A recent immigrant to Canada from Iran has been awarded $180,000 by a human rights tribunal after she made allegations of substantial mistreatment by her employer, including sexual assault, rape and sexual harassment.
The case centered around a distressing sequence of events involving a female employee and her employer, identified only as the sole proprietor of Ray Daniel Salon & Spa.
The application detailed severe allegations, all occurring within a brief employment period from April 3, 2019, to May 31, 2019. The woman was employed as an esthetician. Her responsibilities included a range of esthetic services such as nail manicuring, waxing and threading, blow drying, coloring and cutting hair, in addition to cleaning and organizing tasks within the salon.
The employee claimed that her employer exploited her precarious immigration status and paid her significantly below the minimum wage. Furthermore, when she resisted his advances and requested fair compensation, the employer allegedly threatened her with deportation and subsequently engaged in acts of reprisal, including filing a lawsuit against her for bringing forward a “false claim” to the Tribunal and attempting to intimidate a witness supporting her case.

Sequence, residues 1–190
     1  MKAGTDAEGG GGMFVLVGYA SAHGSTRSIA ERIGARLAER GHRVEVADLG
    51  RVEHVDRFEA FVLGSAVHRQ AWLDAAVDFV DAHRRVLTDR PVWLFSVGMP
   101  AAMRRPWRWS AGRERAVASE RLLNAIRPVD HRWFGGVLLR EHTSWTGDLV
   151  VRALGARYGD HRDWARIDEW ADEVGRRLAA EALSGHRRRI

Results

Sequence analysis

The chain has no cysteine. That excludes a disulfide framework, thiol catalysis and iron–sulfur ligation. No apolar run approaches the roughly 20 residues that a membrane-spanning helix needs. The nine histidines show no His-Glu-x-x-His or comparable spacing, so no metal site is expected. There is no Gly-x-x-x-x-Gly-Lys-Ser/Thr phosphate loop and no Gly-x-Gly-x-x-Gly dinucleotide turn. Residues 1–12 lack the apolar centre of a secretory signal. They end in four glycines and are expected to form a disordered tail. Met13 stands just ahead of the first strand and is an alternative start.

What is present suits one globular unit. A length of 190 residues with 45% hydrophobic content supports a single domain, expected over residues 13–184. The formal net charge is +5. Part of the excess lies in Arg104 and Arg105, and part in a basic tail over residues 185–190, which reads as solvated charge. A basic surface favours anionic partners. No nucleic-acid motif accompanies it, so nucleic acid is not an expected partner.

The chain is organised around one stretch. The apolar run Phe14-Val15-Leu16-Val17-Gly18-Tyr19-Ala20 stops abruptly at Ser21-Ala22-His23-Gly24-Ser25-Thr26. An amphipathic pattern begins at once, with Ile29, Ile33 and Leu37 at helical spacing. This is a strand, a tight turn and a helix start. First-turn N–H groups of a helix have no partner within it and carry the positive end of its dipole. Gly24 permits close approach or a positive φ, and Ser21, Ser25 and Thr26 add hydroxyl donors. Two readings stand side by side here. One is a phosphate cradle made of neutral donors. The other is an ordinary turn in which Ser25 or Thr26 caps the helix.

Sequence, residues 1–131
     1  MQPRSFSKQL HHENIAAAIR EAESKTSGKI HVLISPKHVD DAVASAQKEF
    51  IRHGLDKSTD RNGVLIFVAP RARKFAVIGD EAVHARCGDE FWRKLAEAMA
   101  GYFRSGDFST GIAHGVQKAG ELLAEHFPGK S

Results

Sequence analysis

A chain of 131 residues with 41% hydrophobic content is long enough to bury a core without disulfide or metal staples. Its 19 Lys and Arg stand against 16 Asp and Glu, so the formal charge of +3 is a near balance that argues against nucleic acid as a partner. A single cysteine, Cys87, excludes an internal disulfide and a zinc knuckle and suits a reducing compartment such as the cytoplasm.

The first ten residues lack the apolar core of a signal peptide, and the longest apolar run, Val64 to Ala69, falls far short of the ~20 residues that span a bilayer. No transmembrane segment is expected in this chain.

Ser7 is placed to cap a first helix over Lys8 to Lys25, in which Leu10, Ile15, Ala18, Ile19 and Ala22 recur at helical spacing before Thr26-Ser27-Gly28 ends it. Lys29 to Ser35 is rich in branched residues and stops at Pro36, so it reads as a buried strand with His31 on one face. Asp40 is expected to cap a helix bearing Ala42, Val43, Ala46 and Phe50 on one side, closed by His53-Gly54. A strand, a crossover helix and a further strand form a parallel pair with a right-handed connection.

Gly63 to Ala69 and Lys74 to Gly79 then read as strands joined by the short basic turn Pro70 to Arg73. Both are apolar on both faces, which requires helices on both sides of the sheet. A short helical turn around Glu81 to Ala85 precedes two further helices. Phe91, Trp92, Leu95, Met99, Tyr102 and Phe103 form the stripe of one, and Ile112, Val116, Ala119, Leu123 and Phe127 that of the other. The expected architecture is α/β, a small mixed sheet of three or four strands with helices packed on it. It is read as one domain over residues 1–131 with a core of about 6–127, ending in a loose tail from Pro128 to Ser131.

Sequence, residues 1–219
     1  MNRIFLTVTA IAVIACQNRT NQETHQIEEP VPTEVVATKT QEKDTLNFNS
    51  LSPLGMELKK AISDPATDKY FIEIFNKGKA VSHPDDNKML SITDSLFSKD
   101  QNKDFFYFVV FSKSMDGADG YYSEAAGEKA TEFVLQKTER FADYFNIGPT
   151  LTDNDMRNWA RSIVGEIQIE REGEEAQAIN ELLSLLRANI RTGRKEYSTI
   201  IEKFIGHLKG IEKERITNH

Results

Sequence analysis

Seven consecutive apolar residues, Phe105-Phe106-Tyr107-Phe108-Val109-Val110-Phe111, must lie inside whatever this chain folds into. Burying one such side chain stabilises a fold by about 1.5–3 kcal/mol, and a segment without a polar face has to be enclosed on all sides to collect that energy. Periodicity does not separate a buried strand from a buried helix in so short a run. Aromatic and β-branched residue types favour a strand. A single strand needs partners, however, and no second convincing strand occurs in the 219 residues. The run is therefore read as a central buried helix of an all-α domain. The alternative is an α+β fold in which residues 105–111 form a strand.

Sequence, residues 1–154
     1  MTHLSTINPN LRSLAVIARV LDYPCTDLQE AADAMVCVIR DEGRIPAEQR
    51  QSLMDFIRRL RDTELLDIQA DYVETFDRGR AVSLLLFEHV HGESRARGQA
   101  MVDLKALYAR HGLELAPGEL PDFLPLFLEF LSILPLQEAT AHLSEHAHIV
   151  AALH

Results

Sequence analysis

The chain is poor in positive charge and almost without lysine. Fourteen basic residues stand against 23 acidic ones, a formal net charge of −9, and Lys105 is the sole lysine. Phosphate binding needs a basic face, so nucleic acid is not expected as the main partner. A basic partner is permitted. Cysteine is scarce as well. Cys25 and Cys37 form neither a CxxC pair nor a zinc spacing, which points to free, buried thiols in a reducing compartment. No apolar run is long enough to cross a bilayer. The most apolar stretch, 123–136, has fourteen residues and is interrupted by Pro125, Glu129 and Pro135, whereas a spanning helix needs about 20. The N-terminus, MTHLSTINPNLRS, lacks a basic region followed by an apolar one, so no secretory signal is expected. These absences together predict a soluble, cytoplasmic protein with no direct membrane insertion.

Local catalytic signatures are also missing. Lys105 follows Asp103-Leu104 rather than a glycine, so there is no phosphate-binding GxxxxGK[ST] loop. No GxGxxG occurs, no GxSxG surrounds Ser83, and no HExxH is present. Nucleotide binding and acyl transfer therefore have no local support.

In that lawsuit, he sought $35,000 in damages in small claim courts alleging damages to his personal and business reputation. “It is clear that the Small Claims Court claim was a response to the application,” the Tribunal said.
The Tribunal’s hearing, which featured testimony from the applicant, her friends, and her treating psychologist, underscored the severity of the alleged misconduct and the impact on the applicant’s well-being.
In its conclusion, the Tribunal found the employer’s actions to be a clear violation of the applicant’s rights under the Human Rights Code, particularly highlighting the role of power dynamics in the workplace and the vulnerability of employees in precarious positions.
The worker sought a total of $250,000, comprising of $210,000 for sexual solicitation and sexual harassment; $30,000 for reprisal; and $10,000 for citizenship-based discrimination.
The Tribunal settled on a figure of $180,000. Additionally, the ruling mandated human rights training for the managerial staff of Ray Daniel Salon & Spa and required the posting of the decision within the workplace to prevent future violations.
For more information, see L.N. v. Ray Daniel Salon & Spa, 2024 HRTO 179 (CanLII).